What happens next? This does not mean the EU is going to adopt these policies outright. Next, members of the European Parliament will have to thrash out details with the Council of the European Union and the EU’s executive arm, the European Commission, before the draft rules become law. The final legislation will be a compromise between three different drafts from the three institutions. European lawmakers are aiming to get the AI Act in final shape by December, and the regulation should be in force by 2026.
You can read my previous piece on the AI Act here.
Bits and Bytes
A fight over facial recognition will make or break the AI Act
Whether to ban the use of facial recognition software in public places will be the biggest fight in the final negotiations for the AI Act. Members of the European Parliament want a complete ban on the technology, while EU countries want the freedom to use it in policing. (Politico)
AI researchers sign a letter calling for focus on current AI harms
Another open letter! This one comes from AI researchers at the ACM conference on Fairness, Accountability, and Transparency (FAccT), calling on policymakers to use existing tools to “design, audit, or resist AI systems to protect democracy, social justice, and human rights.” Signatories include Alondra Nelson and Suresh Venkatasubramanian, who wrote the White House’s AI Bill of Rights.
The UK wants to be a global hub for AI regulation
The UK’s prime minister, Rishi Sunak, pitched his country as the global home of artificial-intelligence regulation. Sunak’s hope is that the UK could offer a “third way” between the EU’s AI Act and the US’s Wild West. Sunak is hosting a AI regulation summit in London in the fall. I’m skeptical. The UK can try, but ultimately its AI companies will be forced to comply with the EU’s AI Act if they want to do business in the influential trading bloc. (Time)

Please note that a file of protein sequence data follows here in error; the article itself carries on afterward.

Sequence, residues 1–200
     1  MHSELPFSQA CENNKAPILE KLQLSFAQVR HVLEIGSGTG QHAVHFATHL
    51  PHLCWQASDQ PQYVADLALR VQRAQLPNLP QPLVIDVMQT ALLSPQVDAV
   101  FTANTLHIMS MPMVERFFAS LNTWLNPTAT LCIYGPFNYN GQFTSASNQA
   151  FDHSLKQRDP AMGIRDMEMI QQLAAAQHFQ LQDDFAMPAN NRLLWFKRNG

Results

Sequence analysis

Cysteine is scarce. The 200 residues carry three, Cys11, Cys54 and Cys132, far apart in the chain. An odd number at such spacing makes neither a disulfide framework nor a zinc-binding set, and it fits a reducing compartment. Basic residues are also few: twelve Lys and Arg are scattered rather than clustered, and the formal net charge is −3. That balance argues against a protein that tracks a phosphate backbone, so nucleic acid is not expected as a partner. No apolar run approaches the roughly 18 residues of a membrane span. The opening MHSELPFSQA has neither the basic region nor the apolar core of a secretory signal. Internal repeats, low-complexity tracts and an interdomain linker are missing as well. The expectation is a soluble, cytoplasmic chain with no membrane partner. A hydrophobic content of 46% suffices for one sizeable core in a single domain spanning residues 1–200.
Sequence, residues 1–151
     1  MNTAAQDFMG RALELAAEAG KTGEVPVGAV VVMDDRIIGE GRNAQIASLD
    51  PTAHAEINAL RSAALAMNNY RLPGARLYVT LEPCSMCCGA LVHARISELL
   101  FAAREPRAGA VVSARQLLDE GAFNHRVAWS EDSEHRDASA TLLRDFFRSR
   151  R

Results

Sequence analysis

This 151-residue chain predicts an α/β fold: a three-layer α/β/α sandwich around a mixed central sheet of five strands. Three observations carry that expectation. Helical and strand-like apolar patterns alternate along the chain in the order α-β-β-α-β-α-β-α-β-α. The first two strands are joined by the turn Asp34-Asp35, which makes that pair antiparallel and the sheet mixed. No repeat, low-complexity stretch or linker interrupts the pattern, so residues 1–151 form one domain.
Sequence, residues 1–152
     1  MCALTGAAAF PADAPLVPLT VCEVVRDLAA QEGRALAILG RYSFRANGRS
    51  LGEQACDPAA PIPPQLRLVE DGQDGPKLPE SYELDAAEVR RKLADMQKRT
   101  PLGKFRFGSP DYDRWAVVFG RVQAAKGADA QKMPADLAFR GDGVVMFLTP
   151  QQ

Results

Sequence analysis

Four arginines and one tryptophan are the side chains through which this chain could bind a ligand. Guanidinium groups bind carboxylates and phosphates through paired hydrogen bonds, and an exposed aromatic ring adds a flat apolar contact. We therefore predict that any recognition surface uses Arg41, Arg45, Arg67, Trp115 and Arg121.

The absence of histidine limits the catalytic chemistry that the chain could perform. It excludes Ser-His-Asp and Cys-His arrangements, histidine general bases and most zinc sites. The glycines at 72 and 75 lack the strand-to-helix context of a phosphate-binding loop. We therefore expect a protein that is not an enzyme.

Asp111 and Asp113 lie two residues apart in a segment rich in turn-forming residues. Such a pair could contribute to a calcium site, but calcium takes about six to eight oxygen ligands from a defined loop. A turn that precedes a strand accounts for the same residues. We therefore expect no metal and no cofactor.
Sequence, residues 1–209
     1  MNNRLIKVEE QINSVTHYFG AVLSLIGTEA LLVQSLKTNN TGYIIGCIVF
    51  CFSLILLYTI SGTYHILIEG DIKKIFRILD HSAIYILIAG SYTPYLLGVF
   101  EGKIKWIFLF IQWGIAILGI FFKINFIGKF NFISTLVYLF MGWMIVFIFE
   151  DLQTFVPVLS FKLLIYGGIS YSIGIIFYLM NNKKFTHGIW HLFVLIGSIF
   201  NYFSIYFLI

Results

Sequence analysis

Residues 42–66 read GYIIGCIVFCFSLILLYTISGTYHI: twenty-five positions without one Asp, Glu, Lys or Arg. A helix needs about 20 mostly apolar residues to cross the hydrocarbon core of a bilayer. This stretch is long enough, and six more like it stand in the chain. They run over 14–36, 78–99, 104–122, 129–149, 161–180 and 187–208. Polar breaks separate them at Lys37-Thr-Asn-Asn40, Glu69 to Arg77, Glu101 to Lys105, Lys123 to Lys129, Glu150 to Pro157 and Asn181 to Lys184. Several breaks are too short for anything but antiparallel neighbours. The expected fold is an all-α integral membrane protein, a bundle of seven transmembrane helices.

YouTube could give Google an edge in AI
Google has been tapping into the rich video repository of its video site YouTube to train its next large language model. This material could help Google train a model that can generate not only text but audio and video too. Apparently this is not lost on OpenAI, which has been secretly using YouTube data to train its AI models. (The Information)
A four-week-old AI startup raised €105 million
Talk about AI hype. Mistral, a brand-new French AI startup with no products and barely any employees, has managed to raise €105 million in Europe’s largest-ever seed round. The founders of the company previously worked at DeepMind and Meta. Two of them were behind the team that developed Meta’s open-source Llama language model. (Financial Times)